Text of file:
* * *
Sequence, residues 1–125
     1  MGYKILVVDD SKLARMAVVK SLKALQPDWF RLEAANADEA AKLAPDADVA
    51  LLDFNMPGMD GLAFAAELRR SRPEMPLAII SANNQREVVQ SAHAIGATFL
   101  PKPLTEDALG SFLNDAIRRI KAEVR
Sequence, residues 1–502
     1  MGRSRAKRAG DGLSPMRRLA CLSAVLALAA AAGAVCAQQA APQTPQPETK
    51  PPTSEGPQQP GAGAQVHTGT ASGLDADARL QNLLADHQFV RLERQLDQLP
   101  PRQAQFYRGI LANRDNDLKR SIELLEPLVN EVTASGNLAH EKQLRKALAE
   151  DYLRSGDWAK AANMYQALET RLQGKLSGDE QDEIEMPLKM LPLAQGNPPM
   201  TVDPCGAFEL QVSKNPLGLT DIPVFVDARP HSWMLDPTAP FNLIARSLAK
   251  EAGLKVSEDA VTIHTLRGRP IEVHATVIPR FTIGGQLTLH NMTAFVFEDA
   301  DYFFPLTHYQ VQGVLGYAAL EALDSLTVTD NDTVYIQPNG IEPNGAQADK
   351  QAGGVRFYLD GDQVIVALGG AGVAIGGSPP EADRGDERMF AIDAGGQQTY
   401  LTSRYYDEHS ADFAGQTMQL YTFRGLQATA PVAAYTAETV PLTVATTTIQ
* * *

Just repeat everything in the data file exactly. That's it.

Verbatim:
Sequence, residues 1–125
     1  MGYKILVVDD SKLARMAVVK SLKALQPDWF RLEAANADEA AKLAPDADVA
    51  LLDFNMPGMD GLAFAAELRR SRPEMPLAII SANNQREVVQ SAHAIGATFL
   101  PKPLTEDALG SFLNDAIRRI KAEVR
Sequence, residues 1–502
     1  MGRSRAKRAG DGLSPMRRLA CLSAVLALAA AAGAVCAQQA APQTPQPETK
    51  PPTSEGPQQP GAGAQVHTGT ASGLDADARL QNLLADHQFV RLERQLDQLP
   101  PRQAQFYRGI LANRDNDLKR SIELLEPLVN EVTASGNLAH EKQLRKALAE
   151  DYLRSGDWAK AANMYQALET RLQGKLSGDE QDEIEMPLKM LPLAQGNPPM
   201  TVDPCGAFEL QVSKNPLGLT DIPVFVDARP HSWMLDPTAP FNLIARSLAK
   251  EAGLKVSEDA VTIHTLRGRP IEVHATVIPR FTIGGQLTLH NMTAFVFEDA
   301  DYFFPLTHYQ VQGVLGYAAL EALDSLTVTD NDTVYIQPNG IEPNGAQADK
   351  QAGGVRFYLD GDQVIVALGG AGVAIGGSPP EADRGDERMF AIDAGGQQTY
   401  LTSRYYDEHS ADFAGQTMQL YTFRGLQATA PVAAYTAETV PLTVATTTIQ